The CSIS report also put a focus on space policy, specifically a “shortage of satellites actually designed and in orbit to measure climate change.” Satellites have been used to measure pollution, or in the case of NASA’s ICESat satellite, provide laser altimetry to measure the rate of melting in the Arctic ice. The crash of NASA’s Orbiting Carbon Observation (OCO) satellite in 2009 “left the world essentially bereft of the ability to make precise measurements to assess emissions reductions effort,” according to the CSIS report. That means climate scientists are relying on Japan’s GOSAT, the European Space Agency’s SCIAMACHY and Canada’s CanX-2 satellites until OCO 2 gets up into orbit in February 2013. All of these current systems lack the advanced sensors or monitoring capabilities scientists desire to assess changes in the carbon cycle. The number of earth observation instruments has actually declined in recent years, as shown on the figure below:

number-earth-observation-instruments.jpg

Visualizing Climate Data

Many citizens will not find the NOAA Climate Services Interactive Map to be a terrific interface to gain insight, although scientists can find datasets relatively easily. Fortunately, NOAA has launched a prototype of a climate services portal, Climate.gov, which is a vast improvement on more traditional .gov websites. The site includes an online magazine, access to climate data and services, a section on understanding climate science, education and news.

climate-gov-screenshot.jpg

The Climate.gov portal appears to be a rare beast in government IT: a public prototype. Some govies might even call it a government 2.0 beta.

Opening data for innovation

Will open climate data be available to civic developers and commercial concerns to build businesses upon?

“We invest a lot in terms of making data available with an open data policy, so everyone can see what everybody is doing” said Dr. Jack Kaye, associate director for research and analysis in NASA’s Earth Science Division. “The sheer volume of data and complexity of it makes it a challenge for less sophisticated users. One of the challenges is to create tools that will facilitate the less knowledgeable user.”

That’s one area where Climate.gov is currently succeeding, in terms of providing a clear “climate dashboard,” pictured to the right, that shows the progression of climate change since the late 19th century. As any IT executive knows, however, a dashboard is only as useful as the data feeding it. That’s a concern that’s been highlighted in the Climategate controversy over the past year. Despite that concern, there is reason for optimism behind seeing open climate data published online, where it can be exposed to more transparent vetting.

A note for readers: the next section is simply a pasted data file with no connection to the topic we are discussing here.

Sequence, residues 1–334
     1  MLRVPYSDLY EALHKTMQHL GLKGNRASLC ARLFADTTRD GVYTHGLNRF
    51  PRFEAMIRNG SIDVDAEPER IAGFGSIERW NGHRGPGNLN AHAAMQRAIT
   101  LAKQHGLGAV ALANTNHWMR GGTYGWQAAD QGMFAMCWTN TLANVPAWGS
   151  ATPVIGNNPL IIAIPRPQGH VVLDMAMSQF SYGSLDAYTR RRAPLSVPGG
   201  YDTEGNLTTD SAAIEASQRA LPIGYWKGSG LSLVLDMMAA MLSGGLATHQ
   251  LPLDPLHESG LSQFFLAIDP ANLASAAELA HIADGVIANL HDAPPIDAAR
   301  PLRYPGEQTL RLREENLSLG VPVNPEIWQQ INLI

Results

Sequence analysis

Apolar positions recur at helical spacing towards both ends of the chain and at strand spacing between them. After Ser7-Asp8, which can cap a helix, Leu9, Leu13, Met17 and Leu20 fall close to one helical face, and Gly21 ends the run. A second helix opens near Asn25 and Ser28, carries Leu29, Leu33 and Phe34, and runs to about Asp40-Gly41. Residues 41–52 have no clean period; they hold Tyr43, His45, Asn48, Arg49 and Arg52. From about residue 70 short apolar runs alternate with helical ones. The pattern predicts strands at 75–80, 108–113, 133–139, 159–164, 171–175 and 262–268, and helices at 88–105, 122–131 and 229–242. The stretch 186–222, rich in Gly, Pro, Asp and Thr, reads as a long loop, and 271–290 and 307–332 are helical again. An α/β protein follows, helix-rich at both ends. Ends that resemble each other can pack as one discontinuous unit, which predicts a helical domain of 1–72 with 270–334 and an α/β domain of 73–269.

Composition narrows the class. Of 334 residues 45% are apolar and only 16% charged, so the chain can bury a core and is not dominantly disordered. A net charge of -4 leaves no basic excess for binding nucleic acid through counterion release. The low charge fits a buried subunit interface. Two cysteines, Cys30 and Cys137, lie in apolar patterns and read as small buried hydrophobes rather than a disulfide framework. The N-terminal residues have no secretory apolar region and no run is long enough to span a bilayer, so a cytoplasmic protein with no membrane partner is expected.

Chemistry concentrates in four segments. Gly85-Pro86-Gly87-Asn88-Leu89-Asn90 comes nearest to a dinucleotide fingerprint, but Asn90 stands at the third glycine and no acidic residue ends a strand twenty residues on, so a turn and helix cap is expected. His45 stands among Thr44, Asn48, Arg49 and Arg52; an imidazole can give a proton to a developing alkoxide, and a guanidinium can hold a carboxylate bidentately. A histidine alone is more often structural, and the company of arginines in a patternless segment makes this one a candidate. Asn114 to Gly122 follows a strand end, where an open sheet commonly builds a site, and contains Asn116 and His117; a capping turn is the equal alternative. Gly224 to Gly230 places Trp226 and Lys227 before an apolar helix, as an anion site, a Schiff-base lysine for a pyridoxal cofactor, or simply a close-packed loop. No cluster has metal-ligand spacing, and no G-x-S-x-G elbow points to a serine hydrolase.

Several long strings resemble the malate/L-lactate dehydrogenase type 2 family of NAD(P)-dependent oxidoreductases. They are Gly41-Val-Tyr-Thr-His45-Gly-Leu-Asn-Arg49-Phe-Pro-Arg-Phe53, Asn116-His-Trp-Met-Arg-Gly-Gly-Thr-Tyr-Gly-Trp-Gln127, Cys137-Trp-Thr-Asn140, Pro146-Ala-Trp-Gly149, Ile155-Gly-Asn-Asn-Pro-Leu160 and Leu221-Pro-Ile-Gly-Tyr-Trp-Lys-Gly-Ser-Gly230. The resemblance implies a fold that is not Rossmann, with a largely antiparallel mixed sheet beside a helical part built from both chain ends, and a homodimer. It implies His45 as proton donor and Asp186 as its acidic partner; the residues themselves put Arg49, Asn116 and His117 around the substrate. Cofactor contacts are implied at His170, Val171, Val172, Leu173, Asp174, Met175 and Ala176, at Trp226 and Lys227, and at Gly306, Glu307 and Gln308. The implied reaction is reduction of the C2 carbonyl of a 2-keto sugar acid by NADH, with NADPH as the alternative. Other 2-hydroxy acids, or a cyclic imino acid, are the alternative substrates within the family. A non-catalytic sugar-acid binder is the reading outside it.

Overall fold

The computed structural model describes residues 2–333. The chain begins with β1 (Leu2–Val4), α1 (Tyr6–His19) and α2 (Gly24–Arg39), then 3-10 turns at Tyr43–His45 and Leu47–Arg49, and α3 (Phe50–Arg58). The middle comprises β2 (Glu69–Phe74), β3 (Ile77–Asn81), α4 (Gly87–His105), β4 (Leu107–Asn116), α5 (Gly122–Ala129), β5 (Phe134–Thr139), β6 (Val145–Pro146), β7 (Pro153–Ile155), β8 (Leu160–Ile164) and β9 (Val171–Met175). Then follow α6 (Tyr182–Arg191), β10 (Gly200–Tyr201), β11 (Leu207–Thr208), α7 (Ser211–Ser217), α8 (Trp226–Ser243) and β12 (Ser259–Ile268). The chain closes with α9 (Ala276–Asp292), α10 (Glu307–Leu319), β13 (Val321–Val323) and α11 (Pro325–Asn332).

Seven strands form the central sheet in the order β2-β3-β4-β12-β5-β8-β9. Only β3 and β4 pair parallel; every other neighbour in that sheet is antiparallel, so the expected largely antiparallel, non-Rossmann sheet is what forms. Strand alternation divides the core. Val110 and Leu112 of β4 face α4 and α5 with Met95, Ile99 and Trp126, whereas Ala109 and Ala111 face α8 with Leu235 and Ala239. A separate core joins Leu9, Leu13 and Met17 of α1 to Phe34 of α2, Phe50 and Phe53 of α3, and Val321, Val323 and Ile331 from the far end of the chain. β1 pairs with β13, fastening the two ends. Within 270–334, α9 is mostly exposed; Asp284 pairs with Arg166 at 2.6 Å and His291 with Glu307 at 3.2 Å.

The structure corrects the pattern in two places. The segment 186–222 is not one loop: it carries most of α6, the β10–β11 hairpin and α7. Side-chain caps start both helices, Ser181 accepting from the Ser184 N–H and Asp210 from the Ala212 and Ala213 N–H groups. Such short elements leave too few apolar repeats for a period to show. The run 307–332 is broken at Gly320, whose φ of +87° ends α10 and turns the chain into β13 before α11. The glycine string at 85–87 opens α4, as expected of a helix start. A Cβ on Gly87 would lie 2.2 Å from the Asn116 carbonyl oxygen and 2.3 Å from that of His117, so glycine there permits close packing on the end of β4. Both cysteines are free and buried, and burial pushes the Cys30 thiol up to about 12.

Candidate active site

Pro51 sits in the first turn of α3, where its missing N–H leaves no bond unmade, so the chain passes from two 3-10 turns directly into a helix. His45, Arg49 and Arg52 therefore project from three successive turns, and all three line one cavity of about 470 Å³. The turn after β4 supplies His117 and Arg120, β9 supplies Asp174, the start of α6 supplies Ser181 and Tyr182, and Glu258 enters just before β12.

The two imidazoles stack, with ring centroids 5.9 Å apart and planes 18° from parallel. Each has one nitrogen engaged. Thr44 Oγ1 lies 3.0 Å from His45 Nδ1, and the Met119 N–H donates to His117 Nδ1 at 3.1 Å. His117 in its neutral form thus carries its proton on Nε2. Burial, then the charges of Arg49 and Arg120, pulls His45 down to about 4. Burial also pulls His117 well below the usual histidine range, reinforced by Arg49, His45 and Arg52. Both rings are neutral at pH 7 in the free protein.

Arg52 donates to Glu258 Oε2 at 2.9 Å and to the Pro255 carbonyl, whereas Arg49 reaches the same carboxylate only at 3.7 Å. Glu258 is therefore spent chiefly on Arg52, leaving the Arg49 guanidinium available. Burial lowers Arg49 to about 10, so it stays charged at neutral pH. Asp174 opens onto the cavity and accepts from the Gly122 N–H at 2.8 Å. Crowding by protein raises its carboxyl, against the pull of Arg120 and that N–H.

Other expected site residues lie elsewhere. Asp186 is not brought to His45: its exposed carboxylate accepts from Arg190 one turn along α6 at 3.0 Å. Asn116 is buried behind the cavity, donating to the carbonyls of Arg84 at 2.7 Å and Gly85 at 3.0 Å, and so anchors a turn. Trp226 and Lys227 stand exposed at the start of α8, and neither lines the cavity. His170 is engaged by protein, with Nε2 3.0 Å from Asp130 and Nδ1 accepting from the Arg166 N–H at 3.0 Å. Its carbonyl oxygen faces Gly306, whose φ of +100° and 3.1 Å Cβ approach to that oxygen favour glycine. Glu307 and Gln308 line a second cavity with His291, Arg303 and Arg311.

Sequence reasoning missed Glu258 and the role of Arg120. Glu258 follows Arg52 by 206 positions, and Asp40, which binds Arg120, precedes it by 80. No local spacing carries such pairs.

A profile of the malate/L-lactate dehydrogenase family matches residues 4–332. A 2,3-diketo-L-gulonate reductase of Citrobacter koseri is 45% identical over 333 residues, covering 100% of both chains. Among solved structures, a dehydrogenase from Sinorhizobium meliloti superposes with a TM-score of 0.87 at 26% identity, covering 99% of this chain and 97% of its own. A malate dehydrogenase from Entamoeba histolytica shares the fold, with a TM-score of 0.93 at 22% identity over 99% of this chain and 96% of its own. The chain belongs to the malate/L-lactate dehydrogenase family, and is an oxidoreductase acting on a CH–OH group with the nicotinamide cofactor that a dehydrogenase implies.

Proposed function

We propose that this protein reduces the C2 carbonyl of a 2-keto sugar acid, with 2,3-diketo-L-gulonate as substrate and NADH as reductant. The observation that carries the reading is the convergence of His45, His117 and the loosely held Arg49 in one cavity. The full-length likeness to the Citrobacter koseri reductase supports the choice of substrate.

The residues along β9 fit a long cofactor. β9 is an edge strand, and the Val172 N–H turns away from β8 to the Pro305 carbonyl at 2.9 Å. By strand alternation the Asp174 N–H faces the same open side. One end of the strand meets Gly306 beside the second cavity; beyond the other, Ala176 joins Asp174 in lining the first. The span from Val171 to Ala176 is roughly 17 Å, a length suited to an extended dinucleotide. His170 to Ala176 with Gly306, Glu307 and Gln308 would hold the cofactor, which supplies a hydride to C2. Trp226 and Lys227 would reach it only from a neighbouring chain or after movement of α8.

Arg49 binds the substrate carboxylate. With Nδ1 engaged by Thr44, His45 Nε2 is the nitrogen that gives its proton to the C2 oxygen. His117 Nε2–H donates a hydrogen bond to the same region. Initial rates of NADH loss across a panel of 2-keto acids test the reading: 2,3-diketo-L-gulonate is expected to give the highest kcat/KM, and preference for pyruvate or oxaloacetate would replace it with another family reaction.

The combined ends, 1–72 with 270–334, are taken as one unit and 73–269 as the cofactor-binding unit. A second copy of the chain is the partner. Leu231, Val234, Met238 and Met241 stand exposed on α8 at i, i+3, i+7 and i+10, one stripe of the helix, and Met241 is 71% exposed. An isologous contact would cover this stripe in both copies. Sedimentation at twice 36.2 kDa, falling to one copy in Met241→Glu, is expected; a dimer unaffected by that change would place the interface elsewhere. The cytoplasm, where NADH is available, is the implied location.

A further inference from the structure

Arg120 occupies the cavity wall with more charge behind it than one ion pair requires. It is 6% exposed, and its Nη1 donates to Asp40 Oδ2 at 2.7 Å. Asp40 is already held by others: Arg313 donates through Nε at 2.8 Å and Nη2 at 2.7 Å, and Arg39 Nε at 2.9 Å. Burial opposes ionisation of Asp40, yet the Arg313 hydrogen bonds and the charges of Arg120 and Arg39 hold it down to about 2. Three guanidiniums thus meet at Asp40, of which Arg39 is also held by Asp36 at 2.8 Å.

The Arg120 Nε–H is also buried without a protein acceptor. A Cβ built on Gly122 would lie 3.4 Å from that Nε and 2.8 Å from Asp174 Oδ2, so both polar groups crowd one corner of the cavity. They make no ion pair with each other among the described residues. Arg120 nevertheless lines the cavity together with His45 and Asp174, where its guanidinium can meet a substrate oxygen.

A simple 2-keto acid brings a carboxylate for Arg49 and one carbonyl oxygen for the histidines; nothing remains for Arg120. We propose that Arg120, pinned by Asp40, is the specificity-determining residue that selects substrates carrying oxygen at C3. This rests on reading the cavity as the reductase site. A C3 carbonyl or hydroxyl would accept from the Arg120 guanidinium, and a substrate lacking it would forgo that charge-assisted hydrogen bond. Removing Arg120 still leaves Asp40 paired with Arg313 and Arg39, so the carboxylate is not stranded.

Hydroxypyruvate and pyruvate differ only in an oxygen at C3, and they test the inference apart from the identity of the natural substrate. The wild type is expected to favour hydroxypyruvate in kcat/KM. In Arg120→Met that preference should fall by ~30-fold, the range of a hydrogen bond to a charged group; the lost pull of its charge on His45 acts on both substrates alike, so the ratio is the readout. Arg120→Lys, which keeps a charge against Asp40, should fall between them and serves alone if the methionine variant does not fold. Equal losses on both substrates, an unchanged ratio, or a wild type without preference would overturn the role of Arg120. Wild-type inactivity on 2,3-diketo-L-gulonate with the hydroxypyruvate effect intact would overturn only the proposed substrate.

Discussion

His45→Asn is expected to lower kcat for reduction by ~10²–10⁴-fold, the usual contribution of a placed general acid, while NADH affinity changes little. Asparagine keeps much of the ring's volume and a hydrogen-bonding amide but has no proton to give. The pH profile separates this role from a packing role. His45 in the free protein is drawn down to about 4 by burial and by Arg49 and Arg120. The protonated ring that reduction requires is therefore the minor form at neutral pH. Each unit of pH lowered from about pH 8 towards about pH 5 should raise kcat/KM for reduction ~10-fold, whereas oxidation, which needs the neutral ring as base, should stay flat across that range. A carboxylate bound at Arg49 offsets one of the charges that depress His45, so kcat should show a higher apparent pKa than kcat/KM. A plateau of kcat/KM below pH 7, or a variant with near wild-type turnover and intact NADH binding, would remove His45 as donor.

The story of how weather data provisions information and news outlets may be well worn in the Gov 2.0 dialogue, though most citizens don’t think about NOAA data underpinning serious decisions on business, travel or recreation.

Thanks to “infovegan” Clay Johnson, the history of how weather data was opened is clearer today. The history of GPS shows the innovation and value spawned by the release of global positioning system data. As Time reported last year, a market-research firm estimated the global GPS< market will total $75 billion by 2013.

Earlier this spring, the United States released community health information to provision healthcare apps and drive better policy. Now, scientists and policy makers will explore the potential for climate data services to inform citizens and government, enabling both to make better decisions for communities and businesses alike.

Related:


The Gov 2.0 Summit will be held Sept. 7-8 in Washington, D.C. Learn more and request an invitation.

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  • Jeff Stanger

    Great post. Seems a perfect case study of “data” becoming “information” through digital communication a la last week’s CDI article “Data Are Not Information” http://digitalinfo.org/10

  • Lesa Mitchell

    Great post. I would just like to consider thinking about getting access to big data relative to utilization of energy. Measuring at the source and having this available at the individual level, city and state level would drive all sorts of novel solutions

  • Alex Tolley

    What I would like to know is how this changes policy, especially in the US. How does it help overcome the “AGW is a hoax” mentality that resulted in blocking any climate change policy in Congress?